Somali-Pirates

You Been Lied To: 7 Things You May Not Know About Somali ‘Pirates’Captian Phillips, Lies about Somali Pirates, Somali Pirates

Somali ‘pirates’ are actually defending Somali waters from foreign invaders

In 1991, the government of Somalia collapsed. It’s nine million people who have been battling widespread starvation ever since. America and other European nations saw this as a great opportunity to rob the country of its food supply and dump their nuclear waste in Somalia’s now unprotected seas.

According to the 1982 United Nations Convention on the Law of the Sea, approximately 12 miles into the ocean from the coast is sovereign territory of the state. Every Somali highjacking that has ever occurred happened within those 12 miles.

European vessels are polluting Somali waters As soon as the Somali government was gone, mysterious European ships started appearing off the coast of Somalia, dumping vast barrels of nuclear waste into the ocean. Much of that waste can be traced back to European hospitals and factories. Soon after the dumping began, the coastal population began to sicken. At first they suffered strange rashes, nausea and malformed babies. Then, after a 2005 tsunami, hundreds of the dumped and leaking barrels washed ashore. People began to suffer from radiation sickness, and more than 300 died.

(AP Photo) European ships are looting Somali waters for seafood While some European ships were dumping, other ships have been looting Somalia’s seas of their greatest resource: seafood. An estimated $300 million worth of tuna, shrimp, lobster and other sea life is being stolen every year by huge European ships illegally fishing in Somalia’s unprotected seas. As a result, the local fishermen have lost their livelihoods, and are forced into starvation.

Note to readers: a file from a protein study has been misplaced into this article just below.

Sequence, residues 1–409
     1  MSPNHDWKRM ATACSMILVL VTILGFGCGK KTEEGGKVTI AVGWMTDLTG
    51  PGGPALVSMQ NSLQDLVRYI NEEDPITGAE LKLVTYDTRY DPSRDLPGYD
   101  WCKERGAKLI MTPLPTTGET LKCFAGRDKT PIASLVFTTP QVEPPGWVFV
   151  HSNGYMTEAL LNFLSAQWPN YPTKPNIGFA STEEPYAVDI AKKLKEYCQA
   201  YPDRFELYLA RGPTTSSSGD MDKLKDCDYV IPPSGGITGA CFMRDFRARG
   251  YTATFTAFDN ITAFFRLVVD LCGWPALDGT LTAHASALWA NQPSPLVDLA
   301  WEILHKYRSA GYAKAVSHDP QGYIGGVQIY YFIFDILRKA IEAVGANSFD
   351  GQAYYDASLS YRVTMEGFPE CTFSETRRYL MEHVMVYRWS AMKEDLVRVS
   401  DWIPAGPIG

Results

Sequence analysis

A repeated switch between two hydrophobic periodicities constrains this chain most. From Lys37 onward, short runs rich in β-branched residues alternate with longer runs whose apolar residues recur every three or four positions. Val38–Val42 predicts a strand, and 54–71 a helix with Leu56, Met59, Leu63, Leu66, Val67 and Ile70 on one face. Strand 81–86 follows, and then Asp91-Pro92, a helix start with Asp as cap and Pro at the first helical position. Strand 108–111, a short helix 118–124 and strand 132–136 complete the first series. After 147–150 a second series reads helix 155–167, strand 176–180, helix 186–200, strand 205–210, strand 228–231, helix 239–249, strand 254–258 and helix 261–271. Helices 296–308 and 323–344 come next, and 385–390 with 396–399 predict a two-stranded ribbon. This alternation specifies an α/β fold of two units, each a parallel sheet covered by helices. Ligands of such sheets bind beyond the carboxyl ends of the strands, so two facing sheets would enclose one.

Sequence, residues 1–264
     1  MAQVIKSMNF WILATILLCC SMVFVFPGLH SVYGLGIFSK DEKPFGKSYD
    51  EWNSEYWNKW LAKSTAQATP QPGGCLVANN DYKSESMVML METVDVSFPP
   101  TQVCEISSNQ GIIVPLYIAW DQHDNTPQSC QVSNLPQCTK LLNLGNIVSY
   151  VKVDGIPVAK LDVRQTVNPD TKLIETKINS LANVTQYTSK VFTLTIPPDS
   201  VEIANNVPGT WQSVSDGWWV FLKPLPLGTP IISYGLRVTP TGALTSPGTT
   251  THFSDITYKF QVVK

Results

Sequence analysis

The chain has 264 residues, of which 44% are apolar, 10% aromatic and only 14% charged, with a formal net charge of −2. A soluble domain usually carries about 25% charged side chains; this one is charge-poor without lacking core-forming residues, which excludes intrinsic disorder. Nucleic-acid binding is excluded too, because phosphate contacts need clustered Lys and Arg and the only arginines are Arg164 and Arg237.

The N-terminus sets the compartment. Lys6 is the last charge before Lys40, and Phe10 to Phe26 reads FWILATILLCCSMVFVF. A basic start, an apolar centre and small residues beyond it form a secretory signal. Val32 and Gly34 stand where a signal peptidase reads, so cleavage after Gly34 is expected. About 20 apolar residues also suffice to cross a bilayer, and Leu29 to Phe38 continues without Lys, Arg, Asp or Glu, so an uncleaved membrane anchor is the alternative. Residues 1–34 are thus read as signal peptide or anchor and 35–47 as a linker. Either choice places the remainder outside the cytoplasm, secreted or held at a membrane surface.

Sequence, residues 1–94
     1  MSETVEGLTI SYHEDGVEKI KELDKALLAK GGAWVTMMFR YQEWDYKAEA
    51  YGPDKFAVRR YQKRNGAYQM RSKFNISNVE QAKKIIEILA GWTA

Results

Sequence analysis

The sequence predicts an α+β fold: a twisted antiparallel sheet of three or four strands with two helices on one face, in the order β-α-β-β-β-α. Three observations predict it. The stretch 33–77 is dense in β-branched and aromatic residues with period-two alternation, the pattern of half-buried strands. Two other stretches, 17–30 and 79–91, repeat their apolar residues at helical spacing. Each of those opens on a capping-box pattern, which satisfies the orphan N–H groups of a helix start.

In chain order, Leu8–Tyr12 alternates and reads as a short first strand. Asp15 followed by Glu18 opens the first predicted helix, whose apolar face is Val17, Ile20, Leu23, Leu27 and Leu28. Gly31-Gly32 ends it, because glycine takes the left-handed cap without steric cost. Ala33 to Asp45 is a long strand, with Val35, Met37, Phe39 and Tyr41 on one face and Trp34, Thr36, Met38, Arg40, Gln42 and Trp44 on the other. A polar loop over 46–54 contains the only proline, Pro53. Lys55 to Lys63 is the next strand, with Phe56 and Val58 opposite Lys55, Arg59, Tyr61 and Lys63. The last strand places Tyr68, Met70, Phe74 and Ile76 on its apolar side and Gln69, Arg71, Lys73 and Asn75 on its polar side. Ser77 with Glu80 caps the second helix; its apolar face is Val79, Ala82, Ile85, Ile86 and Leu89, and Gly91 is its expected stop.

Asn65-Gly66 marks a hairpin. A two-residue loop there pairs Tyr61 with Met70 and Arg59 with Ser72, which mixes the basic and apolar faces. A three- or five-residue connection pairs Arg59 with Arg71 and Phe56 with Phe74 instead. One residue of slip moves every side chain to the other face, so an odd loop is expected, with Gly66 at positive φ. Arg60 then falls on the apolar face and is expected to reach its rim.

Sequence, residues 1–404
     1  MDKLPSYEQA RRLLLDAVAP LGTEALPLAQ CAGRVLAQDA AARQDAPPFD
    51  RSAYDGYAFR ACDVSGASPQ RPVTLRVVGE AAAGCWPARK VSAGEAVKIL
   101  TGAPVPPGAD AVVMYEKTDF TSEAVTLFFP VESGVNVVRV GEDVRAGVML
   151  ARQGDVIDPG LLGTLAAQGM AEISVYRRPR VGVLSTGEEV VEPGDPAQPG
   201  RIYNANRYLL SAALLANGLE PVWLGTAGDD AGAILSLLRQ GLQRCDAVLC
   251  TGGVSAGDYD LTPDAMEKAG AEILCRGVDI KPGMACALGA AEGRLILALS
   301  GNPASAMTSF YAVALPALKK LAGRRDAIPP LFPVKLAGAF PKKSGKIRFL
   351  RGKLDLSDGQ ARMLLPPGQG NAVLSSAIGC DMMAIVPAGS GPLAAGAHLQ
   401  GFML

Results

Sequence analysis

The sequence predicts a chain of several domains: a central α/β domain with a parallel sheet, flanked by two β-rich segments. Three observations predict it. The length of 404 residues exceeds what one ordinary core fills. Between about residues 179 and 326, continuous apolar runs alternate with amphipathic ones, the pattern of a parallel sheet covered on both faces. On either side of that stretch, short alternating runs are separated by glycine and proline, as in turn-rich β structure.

Somali ‘pirates’ are actually fishermen The fact is, Somali ‘pirates’ are ordinary Somalian fishermen who at first took speedboats to try to dissuade European vessels from illegally fishing and dumping into their waters. With the absence of the government’s navy, the fishermen joined together and formed the National Volunteer Coast Guard of Somalia.

Somali ‘pirates’ have a code of conduct According to ‘Somali Pirate’ code, harming the crew of a ship is strictly prohibited. This is to ensure that governments are less likely to step in and employ do-not-negotiate tactics.

Piracy has become Somalia’s biggest source of income Since the fishing economy have suffered due to European ships looting and dumping in Somali waters piracy is now Somalia’s biggest source of income. It has been estimated that between $339m and $413m has been made within the years of 2005 and 2012. Individual ‘pirates’ usually get $30,000-75,000 each, with a bonus of up to $10,000 for the first man to board a ship and for those bringing their own weapon or ladder.

Columbia Pictures’ “Captain Phillips.” The media has brainwashed people into thinking Somali ‘pirates’ are savage thieves Somali ‘pirates’ have been branded in the media as maritime gangsters. The image of Somali pirates as senseless, savage thieves can be largely attributed to propaganda by the European and American governments. In April 2009, the Obama administration employed a long-term strategy to restore maritime security off the coast of Somalia. This strategy conveniently places American Navy Gunships in Somali waters. Also, Hollywood recently made a movie celebrating the ‘true’ story of “Captian Phillips,” who was kidnapped by Somali ‘pirates.’ Though the film was blasted for its many lies and inconsistencies, it made an estimated $107 million domestically, with audiences giving the film a 93% rating. Sources http://www.huffingtonpost.com http://www.economist.com http://www.state.gov http://www.boxofficemojo.com http://www.rottentomatoes.com http://en.wikipedia.org Pages: 1 2 3 4 5 6 7 « Previous Related Posts: